10 11

IMDB ‘Psycho (1960’ http://www.imdb.com/title/tt0054215/ Grimes, Larry E. ‘Shall These Bones Live? The Problem of Bodies in Alfred Hitchcock’s Psycho and Joel Coen’s Blood Simple’ in Joel Martin and Conrad Oswalt Jr. (Eds.) Screening the Sacred: Religion, Myth and Ideology in Popular American Film (Boulder) p.20 12 Ibid.


metanarrative. It is in this respect that the horror genre may provide the best cinematic platform for people to engage with ideas of evil, as well as human mortality. The Piano dir. Jane Campion, (1993) Jane Campion’s 1993 drama is good example of a small independent film crossing over to a mainstream audience. As well as winning three Academy Awards, it was also the recipient of the Palm d’Or, the highest accolade at Cannes Film Festival. The film cost $7,000,000 to make and grossed $40,158,000 worldwide. It tells the story the mute Ada (Holly Hunter) and her daughter Flora (Anna Paquin), who have made the long journey by sea from Scotland to New Zealand for Ada to participate in an arranged marriage with a settler named Stewart (Sam Neill). After Stewart refuses to allow Ada to bring her grand piano to their house, insisting that she leave it on the beach, she grows gradually disenchanted with him and begins a slow-burning affair with a settler called Baines (Harvey Keitel,) after he salvages the piano. David Rhoads and Sandra Roberts call The Piano, “…a dark film about power – the power of the will against the power of domination.”13The domination to which Rhoads and Roberts refer can be seen in three different ways: in the domineering attitude of Stewart towards his wife, in the subtle interplay between Ada and Baines in their sexual encounters, and in the sexual repression caused by the imposed religion of the settlers. Therefore, The Piano might be reasonably viewed as being anti-religion, although it may be more reasonable to see it as asking questions about religion. If so, then the film demands an engagement from the viewer as they attempt to draw their own conclusions about religion as it is presented in the film. Beyond this, The Piano addresses the existential questions


Rhoads, David and Sandra Roberts. ‘From Domination to Mutuality in The Piano and the Gospel of Mark’ in Clive Marsh and Gaye Ortiz (Eds.) Screening the Sacred: Religion, Myth and Ideology in Popular American Film (Boulder) p.47


pertaining to isolation, human freedom and choices of the will. Finally, The Piano shows that the genre of drama may prove the most effective in causing the viewer to engage with the deepest of human emotions. The Truman Show dir. Peter Weir, (1998) [Reel/Wright p.184] Peter Weir’s critically acclaimed 1998 comedy cost an estimated $60,000,000 to make, and grossed $125,603,360. The story centres on title character Truman Burbank (Jim Carrey) and the false reality that has been built up around him in the form of a hit reality TV show where actors play given roles in his life in an effort to maintain the illusion. As such, it can be seen as a prescient view of where Western television was headed in the nineties – the reality TV boom did not occur until the new century. Remarking on the director’s creative vision and worldview, Johnston writes: “In The Truman Show, we perhaps see Weir’s “counterculture” mind-set as he explores the spiritual consequences of virtual reality in our computer age.”14 One of the consequences Johnston refers to is that social disorders such as voyeurism start to become social norms when they are normalised as part of media culture. In this respect, then, the film asks serious questions of the viewer concerning their accepted patterns of behaviour in a society that is becoming, if not morally, then increasingly ethically abnormal. The impact of this as far as existential considerations are concerned is that an engagement with this film will cause the viewer to reassess their existence in relation to the society in which they live. The film also deals with the illusions that society presents us with and challenges the viewer to look beyond the material world into the possibility of a greater reality. The existential issues of isolation, human freedom, choices of the will and fear of the unknown are also borne out in the film. Furthermore, The Truman Show demonstrates that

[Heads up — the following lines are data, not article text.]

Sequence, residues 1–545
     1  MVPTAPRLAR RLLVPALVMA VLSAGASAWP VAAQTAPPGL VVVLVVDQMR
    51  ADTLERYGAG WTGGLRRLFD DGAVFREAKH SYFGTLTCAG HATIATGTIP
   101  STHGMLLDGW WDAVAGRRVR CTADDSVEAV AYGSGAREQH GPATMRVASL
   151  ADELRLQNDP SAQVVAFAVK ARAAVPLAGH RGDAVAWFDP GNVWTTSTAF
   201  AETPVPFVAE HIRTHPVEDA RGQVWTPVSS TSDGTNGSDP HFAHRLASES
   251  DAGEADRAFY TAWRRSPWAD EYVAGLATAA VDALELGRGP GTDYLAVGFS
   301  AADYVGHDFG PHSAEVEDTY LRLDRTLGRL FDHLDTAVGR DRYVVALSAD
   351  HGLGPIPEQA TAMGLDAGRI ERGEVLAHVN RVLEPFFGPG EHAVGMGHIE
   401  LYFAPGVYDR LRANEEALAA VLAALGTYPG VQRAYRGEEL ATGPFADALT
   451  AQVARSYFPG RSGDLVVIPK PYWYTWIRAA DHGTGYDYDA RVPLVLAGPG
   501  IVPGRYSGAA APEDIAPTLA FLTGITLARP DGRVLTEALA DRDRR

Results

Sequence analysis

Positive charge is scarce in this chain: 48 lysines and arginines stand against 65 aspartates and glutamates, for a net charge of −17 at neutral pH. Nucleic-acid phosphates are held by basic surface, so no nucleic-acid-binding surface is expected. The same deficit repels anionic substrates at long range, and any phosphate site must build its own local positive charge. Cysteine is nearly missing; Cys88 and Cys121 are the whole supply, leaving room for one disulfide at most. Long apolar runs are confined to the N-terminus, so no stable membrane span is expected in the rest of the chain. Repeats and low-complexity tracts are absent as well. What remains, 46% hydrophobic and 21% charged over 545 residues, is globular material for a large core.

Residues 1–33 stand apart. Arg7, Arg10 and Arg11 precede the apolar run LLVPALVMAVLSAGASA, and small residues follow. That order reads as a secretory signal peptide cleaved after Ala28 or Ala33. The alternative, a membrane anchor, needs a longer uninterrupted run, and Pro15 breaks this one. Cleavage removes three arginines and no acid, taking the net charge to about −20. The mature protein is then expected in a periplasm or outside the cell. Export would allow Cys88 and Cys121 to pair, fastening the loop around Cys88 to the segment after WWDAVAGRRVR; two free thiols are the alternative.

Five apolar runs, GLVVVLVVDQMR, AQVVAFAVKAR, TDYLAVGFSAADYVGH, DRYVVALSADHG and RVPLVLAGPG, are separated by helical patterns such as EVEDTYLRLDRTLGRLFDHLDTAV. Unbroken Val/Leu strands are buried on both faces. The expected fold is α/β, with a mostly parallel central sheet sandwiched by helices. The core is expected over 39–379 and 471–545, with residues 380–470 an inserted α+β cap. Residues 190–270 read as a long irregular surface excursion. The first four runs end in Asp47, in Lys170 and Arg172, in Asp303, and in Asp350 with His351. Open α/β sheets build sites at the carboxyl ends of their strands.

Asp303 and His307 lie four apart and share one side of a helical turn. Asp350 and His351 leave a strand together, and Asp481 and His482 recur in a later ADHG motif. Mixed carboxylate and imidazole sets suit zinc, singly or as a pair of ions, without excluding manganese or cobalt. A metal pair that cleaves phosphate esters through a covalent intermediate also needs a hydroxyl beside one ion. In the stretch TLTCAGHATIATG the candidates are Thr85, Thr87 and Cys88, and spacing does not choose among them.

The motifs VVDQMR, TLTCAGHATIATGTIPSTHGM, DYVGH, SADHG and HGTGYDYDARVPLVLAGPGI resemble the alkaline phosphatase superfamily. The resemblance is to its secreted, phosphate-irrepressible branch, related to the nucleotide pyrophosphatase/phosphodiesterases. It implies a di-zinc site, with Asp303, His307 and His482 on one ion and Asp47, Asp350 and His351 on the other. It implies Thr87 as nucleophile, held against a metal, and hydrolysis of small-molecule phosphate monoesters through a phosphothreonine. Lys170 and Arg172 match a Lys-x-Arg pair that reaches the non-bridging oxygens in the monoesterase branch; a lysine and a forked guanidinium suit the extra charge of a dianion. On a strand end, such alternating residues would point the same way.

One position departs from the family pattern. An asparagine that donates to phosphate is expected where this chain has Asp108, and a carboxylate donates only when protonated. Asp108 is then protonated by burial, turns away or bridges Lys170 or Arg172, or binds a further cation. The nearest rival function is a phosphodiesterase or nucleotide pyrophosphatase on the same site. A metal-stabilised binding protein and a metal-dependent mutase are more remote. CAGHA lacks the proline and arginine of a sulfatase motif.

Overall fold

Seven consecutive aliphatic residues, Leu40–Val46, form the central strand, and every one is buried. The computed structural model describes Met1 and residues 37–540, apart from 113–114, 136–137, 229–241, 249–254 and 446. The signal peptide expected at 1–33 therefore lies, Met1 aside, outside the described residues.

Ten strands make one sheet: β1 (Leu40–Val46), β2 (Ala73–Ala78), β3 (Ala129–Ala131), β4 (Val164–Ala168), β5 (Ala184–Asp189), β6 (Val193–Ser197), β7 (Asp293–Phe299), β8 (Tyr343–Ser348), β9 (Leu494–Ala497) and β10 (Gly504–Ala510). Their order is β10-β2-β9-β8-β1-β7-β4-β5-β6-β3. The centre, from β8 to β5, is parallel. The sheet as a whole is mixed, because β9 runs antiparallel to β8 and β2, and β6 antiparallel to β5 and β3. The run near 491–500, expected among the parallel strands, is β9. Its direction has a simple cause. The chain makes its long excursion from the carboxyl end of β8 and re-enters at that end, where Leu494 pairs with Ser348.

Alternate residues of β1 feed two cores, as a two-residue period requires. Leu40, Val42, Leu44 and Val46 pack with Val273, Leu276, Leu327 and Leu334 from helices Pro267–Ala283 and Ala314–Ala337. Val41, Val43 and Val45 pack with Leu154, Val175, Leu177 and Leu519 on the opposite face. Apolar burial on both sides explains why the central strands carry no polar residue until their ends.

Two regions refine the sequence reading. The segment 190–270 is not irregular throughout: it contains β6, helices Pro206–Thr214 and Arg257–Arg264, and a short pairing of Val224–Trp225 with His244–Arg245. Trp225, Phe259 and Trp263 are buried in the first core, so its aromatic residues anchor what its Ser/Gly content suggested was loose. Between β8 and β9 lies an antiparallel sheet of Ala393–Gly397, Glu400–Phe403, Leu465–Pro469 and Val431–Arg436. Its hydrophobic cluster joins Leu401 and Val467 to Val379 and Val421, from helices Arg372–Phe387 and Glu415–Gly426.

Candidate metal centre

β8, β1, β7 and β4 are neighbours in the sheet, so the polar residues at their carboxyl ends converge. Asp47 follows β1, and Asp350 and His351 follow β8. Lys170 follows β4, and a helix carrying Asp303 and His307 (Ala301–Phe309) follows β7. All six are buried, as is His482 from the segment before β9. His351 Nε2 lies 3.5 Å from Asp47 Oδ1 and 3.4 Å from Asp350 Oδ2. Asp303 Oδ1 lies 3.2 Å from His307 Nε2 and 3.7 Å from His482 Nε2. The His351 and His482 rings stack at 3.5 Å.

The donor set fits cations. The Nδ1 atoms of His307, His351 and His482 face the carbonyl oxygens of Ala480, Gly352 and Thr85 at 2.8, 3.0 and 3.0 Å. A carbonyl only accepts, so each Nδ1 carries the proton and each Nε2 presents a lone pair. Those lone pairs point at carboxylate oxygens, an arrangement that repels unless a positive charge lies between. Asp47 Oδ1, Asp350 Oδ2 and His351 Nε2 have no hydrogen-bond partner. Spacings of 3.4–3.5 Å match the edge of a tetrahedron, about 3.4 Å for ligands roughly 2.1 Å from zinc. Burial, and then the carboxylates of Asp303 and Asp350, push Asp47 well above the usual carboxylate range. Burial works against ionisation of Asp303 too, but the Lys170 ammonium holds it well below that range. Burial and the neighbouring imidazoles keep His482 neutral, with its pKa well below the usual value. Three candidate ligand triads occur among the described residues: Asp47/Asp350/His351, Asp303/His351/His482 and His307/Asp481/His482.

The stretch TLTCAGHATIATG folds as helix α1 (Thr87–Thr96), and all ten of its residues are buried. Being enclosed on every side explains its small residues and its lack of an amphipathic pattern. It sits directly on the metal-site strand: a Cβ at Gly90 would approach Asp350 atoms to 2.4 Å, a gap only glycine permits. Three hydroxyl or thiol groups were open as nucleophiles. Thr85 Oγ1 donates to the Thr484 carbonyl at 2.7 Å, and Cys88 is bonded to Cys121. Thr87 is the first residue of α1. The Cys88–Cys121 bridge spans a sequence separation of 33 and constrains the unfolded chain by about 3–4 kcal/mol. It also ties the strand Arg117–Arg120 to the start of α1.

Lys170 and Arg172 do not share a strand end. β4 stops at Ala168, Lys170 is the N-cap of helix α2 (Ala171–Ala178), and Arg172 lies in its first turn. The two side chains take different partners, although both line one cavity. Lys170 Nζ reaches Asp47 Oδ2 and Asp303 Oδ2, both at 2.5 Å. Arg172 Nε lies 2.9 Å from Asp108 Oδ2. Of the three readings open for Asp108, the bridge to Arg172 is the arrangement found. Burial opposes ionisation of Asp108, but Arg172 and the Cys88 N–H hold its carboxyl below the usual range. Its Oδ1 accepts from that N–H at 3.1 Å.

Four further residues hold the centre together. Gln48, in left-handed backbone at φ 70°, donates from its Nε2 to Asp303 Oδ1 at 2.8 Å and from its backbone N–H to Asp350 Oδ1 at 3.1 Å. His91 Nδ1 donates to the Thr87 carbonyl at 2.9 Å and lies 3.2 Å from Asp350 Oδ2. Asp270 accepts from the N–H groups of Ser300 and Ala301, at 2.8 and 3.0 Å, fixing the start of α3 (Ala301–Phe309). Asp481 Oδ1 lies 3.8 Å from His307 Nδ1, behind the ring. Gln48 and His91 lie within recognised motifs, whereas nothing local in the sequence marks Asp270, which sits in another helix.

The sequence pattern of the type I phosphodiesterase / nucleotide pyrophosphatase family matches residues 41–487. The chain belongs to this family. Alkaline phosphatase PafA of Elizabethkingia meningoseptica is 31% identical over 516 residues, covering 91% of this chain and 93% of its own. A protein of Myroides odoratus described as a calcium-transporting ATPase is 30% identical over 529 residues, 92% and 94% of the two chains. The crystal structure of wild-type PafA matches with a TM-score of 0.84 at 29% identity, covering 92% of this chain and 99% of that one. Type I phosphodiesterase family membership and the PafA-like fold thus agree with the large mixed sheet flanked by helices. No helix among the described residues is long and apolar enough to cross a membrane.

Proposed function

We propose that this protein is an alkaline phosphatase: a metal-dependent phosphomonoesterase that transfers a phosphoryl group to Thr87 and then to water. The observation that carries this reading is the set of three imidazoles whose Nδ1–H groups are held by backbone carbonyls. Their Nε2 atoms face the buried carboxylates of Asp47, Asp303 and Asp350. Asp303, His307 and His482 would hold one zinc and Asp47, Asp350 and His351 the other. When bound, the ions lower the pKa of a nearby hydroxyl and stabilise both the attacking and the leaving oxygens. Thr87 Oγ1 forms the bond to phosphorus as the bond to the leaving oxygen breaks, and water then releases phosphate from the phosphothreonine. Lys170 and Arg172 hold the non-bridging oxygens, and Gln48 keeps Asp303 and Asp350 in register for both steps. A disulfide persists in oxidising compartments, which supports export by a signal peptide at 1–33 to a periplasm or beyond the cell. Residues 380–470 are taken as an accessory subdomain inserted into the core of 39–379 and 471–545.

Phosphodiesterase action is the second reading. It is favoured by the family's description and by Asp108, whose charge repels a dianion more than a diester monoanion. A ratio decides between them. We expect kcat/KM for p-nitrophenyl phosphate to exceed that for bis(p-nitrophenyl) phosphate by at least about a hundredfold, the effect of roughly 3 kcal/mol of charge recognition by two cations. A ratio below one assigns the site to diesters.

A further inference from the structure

Johnston, Robert K. Reel Spirituality (Grand Rapids) p.325


comedy may be the best cinematic genre for presenting a subversive view of society, as its inherent humour renders it deliberately disarming. Conclusion In the final analysis it has been shown that cinema can be seen to be playing the role of religion in different ways within contemporary society. While this does not preclude Christian’s from engaging with film in an attempt to start an evangelistic dialogue with society, the higher value of cinema for society is best evidenced in its significance for those outside of religion. In this respect cinema can be seen to have replaced religious institutions such as the Church. The eschatological implications of this are also made evident in this respect – although a direct correlation between declining church attendance and increasing box office sales cannot be established. The attempt of auteur directors to address both Christian themes as well as existential themes found outside the sphere of religion has also been established. As mentioned, popularity of such films provides us with the best indication that the general public are seeking answers to these questions. The titular claim of this study therefore proves valid when understood in accordance with these distinctions.